November 24, 1997

There Are No Racial, Age, Sex, or Weight Differences in the Effect of Salt on Blood Pressure in Salt-Sensitive Hypertensive Patients

Author Affiliations

From the Oklahoma Cardiovascular and Hypertension Center and the University of Oklahoma, Oklahoma City (Dr Chrysant), the University of Maryland School of Medicine, Baltimore (Dr Weir), the University of Michigan, Ann Arbor (Dr Weder), University of Oregon Health Sciences Center, Portland (Dr McCarron), Miami Heart Research Institute, Miami, Fla (Dr Canossa-Terris), St Louis University Health Sciences Center, St Louis, Mo (Dr Cohen), Sandoz Pharmaceutical Corp, Hanover, NJ (Dr Mennella), Hill Top Research, Tacoma, Wash (Dr Kirkegaard), National Research Institute, Los Angeles, Calif (Dr Lewin), and the University of Indiana School of Medicine, Indianapolis (Dr Weinberger).

Arch Intern Med. 1997;157(21):2489-2494. doi:10.1001/archinte.1997.00440420121013

Background:  This report is part of a larger, multicenter, placebo-controlled study designed to test the effects of low and high salt intake on the antihypertensive action of enalapril maleate or isradipine in salt-sensitive, hypertensive patients.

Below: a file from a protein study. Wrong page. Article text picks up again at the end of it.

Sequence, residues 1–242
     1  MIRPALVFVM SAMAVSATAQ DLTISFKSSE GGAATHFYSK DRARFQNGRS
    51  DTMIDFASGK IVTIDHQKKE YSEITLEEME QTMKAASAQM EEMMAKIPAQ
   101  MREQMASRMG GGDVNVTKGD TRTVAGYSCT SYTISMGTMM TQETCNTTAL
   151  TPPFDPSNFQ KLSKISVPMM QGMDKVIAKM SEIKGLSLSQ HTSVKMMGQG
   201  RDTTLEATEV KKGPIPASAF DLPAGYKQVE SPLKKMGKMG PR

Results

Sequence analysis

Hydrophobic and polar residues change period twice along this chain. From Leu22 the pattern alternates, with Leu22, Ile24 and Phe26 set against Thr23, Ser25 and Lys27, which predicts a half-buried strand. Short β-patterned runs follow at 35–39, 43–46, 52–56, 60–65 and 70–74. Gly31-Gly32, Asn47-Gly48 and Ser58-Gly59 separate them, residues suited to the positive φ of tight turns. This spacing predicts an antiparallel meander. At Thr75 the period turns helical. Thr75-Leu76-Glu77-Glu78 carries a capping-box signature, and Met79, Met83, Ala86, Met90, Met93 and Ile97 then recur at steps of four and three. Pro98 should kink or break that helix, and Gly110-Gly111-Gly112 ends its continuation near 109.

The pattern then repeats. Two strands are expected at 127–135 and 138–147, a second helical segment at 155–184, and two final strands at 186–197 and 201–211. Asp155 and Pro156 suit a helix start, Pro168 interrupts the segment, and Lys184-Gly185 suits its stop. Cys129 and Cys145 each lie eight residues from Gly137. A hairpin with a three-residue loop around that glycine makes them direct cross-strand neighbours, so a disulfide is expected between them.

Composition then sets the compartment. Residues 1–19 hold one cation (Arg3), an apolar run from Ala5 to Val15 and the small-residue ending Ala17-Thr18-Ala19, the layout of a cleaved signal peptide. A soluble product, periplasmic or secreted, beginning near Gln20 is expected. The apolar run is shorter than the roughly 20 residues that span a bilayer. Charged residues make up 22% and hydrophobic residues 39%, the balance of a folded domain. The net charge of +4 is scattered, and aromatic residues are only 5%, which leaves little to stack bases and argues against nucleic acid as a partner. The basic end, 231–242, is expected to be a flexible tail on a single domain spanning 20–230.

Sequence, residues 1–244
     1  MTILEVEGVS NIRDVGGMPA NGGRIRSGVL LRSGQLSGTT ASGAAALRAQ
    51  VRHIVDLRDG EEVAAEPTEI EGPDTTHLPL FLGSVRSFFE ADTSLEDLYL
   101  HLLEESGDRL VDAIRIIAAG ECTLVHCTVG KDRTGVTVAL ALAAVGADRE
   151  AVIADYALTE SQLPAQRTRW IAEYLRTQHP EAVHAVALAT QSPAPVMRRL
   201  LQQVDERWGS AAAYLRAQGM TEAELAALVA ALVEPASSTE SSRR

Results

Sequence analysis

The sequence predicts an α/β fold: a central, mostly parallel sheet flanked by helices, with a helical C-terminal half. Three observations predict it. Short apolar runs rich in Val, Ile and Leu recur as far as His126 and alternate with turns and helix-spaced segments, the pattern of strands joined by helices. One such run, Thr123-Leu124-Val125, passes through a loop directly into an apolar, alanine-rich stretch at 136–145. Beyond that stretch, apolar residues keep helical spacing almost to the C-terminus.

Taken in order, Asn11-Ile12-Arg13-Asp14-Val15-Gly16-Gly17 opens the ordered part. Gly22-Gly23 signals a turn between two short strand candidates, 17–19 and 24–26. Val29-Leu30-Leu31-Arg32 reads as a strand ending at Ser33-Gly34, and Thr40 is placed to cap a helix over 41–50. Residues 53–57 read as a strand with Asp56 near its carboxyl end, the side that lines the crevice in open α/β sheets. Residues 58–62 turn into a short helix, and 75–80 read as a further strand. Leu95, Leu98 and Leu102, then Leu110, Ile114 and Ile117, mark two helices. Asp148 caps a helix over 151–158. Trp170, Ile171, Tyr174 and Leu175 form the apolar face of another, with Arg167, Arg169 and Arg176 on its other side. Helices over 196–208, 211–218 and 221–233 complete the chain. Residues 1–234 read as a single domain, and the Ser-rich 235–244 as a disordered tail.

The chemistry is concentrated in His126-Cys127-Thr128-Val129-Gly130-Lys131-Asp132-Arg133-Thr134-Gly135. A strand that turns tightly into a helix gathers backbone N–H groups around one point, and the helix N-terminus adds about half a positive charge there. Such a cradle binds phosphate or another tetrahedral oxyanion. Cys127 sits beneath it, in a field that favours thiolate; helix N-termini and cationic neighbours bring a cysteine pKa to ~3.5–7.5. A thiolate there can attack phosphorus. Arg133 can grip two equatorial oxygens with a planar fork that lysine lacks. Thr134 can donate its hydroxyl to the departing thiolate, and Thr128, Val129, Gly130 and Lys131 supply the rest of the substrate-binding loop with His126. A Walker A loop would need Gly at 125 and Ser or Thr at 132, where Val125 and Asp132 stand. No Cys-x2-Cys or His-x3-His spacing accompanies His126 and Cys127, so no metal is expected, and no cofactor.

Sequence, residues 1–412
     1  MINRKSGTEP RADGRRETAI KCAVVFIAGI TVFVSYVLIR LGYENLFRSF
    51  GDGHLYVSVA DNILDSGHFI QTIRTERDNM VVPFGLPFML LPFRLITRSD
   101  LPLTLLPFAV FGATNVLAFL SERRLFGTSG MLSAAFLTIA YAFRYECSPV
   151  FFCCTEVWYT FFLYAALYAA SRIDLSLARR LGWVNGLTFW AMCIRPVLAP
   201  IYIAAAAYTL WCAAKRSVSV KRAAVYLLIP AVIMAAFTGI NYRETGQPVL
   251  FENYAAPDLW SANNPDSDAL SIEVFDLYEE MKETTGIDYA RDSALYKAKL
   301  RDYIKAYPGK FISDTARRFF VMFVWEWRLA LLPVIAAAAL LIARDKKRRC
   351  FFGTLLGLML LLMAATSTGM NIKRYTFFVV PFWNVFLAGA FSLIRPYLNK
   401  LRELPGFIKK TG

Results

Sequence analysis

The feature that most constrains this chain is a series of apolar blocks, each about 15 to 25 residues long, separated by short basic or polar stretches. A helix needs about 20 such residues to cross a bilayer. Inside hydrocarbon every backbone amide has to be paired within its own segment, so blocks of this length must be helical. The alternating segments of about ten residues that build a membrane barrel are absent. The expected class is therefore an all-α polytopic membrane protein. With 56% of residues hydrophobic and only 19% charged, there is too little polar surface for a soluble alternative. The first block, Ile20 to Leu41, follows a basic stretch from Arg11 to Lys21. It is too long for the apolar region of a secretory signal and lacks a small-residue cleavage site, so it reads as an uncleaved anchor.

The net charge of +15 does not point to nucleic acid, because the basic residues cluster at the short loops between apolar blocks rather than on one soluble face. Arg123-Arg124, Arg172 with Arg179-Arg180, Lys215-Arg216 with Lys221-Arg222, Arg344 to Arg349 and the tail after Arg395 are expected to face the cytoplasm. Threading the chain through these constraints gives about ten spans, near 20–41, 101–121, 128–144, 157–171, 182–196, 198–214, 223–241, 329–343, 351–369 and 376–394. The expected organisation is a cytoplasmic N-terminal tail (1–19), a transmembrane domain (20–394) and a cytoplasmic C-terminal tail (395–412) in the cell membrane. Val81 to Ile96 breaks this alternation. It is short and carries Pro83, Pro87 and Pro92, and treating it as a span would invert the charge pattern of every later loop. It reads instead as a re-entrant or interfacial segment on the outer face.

Objective:  To present our findings with respect to the effects of race, age, sex, and weight on the blood pressure response to low and high salt intake in salt-sensitive hypertensive patients before randomization into the larger study.

Patients and Methods:  After 3 weeks (weeks —9 to —6) of ad lib salt intake (100-200 mmol/d of sodium), 1916 patients whose sitting diastolic blood pressure was between 95 and 115 mm Hg entered a 3-week period (week —6 to —3) of low salt intake (50-80 mmol/d of sodium) and then a 3-week period (week —3 to 0) of high salt intake (200-250 mmol/d of sodium). Of the 1916 patients, 624 were identified as being sensitive to salt by demonstrating an increasein sitting diastolic blood pressure of equal to or more than 5 mm Hg from the low to high salt intake. Of these patients, 367 were white, 156 were black, 92 were Hispanic, 8 were Asian, and 1 was American Indian. Also, 315 were men and 309, women; 351 were 55 years or younger and 273 were older than 55 years; and 195 had a body mass index of 27 or less and 429 had a body mass index higher than 27.

Results:  The sitting blood pressure decreased with salt restriction and increased with salt load in all groups of patients (P<.001). There were no statistically significant differences in the blood pressure changes to salt changes by race, age, sex, and weight.

Conclusions:  This large, multicenter study did not demonstrate any statistically significant effect of race, age, sex, and weight on blood pressure response to salt changes in salt-sensitive hypertensive patients.Arch Intern Med. 1997;157:2489-2494